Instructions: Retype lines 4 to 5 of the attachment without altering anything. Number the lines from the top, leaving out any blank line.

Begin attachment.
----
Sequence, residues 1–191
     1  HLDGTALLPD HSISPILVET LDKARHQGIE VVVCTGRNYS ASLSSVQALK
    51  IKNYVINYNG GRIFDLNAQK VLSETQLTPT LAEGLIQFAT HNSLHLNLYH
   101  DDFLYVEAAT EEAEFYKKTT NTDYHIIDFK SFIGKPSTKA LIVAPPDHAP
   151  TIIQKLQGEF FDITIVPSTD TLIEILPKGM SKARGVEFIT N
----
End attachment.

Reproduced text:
   101  DDFLYVEAAT EEAEFYKKTT NTDYHIIDFK SFIGKPSTKA LIVAPPDHAP
   151  TIIQKLQGEF FDITIVPSTD TLIEILPKGM SKARGVEFIT N